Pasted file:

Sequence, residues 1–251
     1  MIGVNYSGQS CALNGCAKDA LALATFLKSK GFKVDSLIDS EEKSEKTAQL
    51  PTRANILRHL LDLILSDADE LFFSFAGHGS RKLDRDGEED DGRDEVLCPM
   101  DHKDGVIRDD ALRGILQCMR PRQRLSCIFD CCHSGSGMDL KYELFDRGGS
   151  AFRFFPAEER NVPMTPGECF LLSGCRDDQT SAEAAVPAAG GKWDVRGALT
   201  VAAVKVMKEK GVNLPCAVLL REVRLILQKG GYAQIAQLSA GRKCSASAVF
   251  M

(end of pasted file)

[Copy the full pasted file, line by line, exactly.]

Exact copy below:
Sequence, residues 1–251
     1  MIGVNYSGQS CALNGCAKDA LALATFLKSK GFKVDSLIDS EEKSEKTAQL
    51  PTRANILRHL LDLILSDADE LFFSFAGHGS RKLDRDGEED DGRDEVLCPM
   101  DHKDGVIRDD ALRGILQCMR PRQRLSCIFD CCHSGSGMDL KYELFDRGGS
   151  AFRFFPAEER NVPMTPGECF LLSGCRDDQT SAEAAVPAAG GKWDVRGALT
   201  VAAVKVMKEK GVNLPCAVLL REVRLILQKG GYAQIAQLSA GRKCSASAVF
   251  M